Scholfield misses Sky Pirate's two victories earlier in the season after a prolonged spell on the sidelines with injury and this Festival success meant plenty.
“This horse has been winning – Tom Scudamore and Jonjo (O’Neill jnr) have won on him - and I can’t thank Mr (Martin) Tedham (owner) and Jonjo (senior) enough for giving me the chance today," said the rider.
“They’re good people – I’m just grateful I got the opportunity. The horse is a star, and Jonjo was adamant that we’d go for this race. The race went perfectly for us, so I’m just grateful to them.”
2020 - Chosen Mate:
The well-backed Chosen Mate (7-2F) proved all class on handicap debut over fences in more Festival success for jockey Davy Russell, while handing trainer Gordon Elliott his seventh success of the week in the penultimate event of the meeting.
Ridden with real restraint at the back of the field off a good pace, the seven-year-old didn't jump so smoothly early on but as he warmed up he travelled into the race with menace under an ice-cool Russell. Despite hesitating at the final fence, he was still a length and three qurters too good for stablemate Eclair De Beaufeu (13-2) with Us And Them (10-1) three and a half lengths further away in a 1-2-3 for Ireland. Greaneteen (5-1) was fourth.
"We've had a brilliant week - unbelievable," said Elliott, who was earning a first victory in this race. The trainer collected the trophy from Nicky Henderson, who handed out the prize for the race named in honour of his father. "Nicky Henderson is one of the people you look up to and I've got an awful lot of respect for him," added Elliott.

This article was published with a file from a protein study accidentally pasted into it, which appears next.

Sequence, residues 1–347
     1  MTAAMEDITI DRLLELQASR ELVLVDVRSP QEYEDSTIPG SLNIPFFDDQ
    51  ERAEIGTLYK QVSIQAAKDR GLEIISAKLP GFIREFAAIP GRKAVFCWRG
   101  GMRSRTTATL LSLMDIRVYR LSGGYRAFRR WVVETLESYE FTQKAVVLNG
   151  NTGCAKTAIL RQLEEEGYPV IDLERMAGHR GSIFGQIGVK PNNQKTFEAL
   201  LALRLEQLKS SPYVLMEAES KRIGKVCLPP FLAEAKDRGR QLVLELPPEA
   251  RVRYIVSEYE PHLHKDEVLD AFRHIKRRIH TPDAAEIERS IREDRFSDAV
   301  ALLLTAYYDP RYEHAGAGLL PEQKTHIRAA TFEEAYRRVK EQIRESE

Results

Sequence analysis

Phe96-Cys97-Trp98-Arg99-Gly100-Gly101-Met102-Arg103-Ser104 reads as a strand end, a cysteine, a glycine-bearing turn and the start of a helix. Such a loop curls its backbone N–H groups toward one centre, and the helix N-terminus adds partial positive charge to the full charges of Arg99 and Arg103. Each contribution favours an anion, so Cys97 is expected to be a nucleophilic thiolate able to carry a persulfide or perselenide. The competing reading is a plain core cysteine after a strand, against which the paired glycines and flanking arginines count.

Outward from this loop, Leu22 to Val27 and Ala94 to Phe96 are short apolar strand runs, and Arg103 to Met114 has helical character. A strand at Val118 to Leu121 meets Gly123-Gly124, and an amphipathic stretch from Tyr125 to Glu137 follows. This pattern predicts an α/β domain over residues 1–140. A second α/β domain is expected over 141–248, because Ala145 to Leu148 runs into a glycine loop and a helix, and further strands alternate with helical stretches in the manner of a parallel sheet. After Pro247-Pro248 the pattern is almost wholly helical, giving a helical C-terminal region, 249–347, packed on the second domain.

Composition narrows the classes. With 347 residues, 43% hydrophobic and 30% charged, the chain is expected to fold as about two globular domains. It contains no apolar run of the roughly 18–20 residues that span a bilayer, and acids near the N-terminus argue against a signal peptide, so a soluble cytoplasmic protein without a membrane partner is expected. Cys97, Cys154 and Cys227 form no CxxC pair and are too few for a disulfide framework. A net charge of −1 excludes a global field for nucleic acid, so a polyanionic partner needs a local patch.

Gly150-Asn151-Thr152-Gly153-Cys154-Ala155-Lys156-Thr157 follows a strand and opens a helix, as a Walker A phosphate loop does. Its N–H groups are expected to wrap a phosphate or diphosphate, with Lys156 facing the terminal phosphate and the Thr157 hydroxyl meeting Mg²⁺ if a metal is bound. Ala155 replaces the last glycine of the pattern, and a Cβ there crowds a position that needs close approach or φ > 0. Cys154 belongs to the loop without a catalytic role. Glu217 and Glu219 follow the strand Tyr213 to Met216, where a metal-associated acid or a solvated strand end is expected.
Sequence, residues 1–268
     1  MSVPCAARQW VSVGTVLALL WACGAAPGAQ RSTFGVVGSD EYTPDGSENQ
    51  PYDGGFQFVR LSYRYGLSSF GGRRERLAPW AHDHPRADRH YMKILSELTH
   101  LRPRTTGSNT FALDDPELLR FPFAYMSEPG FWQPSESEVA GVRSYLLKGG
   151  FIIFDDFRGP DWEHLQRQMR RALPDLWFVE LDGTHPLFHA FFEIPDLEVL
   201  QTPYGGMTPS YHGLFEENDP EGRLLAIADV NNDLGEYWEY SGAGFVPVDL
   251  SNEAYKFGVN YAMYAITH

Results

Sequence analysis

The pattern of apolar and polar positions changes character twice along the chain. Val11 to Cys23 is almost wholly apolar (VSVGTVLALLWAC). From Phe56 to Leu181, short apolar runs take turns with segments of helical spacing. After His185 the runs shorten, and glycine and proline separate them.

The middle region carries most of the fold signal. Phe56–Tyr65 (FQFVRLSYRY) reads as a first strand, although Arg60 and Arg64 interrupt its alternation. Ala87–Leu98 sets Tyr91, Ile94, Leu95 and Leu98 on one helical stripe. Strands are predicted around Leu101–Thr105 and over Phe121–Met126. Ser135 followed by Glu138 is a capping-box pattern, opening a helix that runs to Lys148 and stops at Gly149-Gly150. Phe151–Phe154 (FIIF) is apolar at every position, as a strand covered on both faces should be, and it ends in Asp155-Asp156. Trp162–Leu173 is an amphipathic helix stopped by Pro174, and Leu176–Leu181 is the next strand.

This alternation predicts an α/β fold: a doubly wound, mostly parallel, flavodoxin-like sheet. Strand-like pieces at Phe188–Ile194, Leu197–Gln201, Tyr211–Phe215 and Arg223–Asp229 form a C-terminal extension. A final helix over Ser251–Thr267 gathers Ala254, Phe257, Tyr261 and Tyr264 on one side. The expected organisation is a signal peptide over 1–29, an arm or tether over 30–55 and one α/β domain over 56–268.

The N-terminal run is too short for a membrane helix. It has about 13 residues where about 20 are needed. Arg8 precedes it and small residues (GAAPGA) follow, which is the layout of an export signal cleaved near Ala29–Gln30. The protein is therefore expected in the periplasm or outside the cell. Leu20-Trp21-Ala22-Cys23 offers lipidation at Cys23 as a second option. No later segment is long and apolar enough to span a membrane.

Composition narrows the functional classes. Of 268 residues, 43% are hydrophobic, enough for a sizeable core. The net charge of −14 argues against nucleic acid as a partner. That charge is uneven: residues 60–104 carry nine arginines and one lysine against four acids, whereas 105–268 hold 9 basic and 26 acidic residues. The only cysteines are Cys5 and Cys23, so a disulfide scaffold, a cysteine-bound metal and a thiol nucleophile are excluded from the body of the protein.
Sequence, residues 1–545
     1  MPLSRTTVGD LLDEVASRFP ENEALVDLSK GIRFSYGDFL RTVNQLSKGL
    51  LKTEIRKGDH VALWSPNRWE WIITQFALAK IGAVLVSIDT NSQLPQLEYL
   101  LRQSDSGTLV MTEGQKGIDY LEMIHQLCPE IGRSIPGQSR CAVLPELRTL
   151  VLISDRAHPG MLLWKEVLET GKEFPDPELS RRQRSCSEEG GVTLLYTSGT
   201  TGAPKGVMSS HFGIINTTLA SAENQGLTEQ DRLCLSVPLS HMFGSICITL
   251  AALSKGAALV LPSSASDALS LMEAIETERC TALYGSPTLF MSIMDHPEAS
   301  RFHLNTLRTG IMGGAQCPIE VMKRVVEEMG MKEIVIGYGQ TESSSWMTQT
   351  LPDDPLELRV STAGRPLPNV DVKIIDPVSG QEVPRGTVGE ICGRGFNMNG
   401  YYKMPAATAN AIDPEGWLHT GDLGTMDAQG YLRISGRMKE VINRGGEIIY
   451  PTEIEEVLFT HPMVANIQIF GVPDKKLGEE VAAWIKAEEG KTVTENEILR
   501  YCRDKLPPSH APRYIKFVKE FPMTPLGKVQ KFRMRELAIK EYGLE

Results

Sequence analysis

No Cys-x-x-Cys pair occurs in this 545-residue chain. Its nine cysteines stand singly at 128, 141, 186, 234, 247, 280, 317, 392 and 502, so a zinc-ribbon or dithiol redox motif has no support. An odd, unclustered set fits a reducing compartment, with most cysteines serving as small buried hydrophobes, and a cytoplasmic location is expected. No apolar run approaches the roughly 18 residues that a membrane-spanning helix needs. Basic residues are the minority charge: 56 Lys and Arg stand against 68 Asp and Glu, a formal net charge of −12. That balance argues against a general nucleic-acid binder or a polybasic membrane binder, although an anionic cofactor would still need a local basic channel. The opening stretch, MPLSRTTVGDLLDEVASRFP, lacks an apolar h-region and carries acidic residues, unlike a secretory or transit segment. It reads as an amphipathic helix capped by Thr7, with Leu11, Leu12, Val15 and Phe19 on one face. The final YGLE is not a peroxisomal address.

On the horse, Russell said: "He's a very, very good jumper but we thought inexperience would catch him out today. He surprised us when he won at Gowran and every day since he's got better and better. It's hard to know how good he is, he's still a novice so we just don't know."
He added: "Since I've been able to walk and talk my dad made this out to be a magical place. I've been lucky to witness that magic."
2019 – Croco Bay:
The long-absent 12-year-old provided a fitting storyline in the Festival finale, supplying trainer Ben Case and jockey Kielan Woods with a first victory at the meeting and at a whopping 66-1.
The enthusiastic veteran was never worse than second throughout and, jumping with real fluency, took up the running at the top of the hill before the fourth last. His gallant effort looked like coming up short after the last but he rallied in fine style up the run-in to repel Bun Doran (11-1) in second and Brelan D’As in third (8-1). Forest Bihan (33-1) was fourth.
“A week ago I wasn’t sure he would get in,” said Case.
“He just runs with his heart on his sleeve and I’m thrilled. For a small yard like ours to have a horse like him, it’s great for us.
“He is 12 but he’s like a six-year-old at home. He’s been to all the festivals – Aintree, Galway, Punchestown – and to win here is fantastic.” This was a special moment too for the jockey.
“I’m so shell-shocked!” said Woods. “I’ve been dreaming of this ever since I first sat on a horse.
“What a little horse he is, he hasn’t run in nearly a year. Not many horses have their prep run around Worcester in July!”
2018 - Le Prezien:
Le Prezien was produced to perfection by Barry Geraghty to bring the curtain down on the Cheltenham Festival with victory in the Johnny Henderson Grand Annual Challenge Cup Handicap Chase.
Gino Trail set sail for home a long way out and was still in front over the last despite being hampered by loose horses.
But he had no answer to the late challenge of the JP McManus-owned Le Prezien (15-2), who powered up the hill to score by four and a half lengths. Gino Trail's trainer Kerry Lee also saddled the third Top Gamble, who was a neck away. Theinval was fourth.
Tragically, three horses lost their lives during the race, triggering an investigation. One result was the Grand Annual no longer becoming the final race of the meeting.
2017 – Rock The World: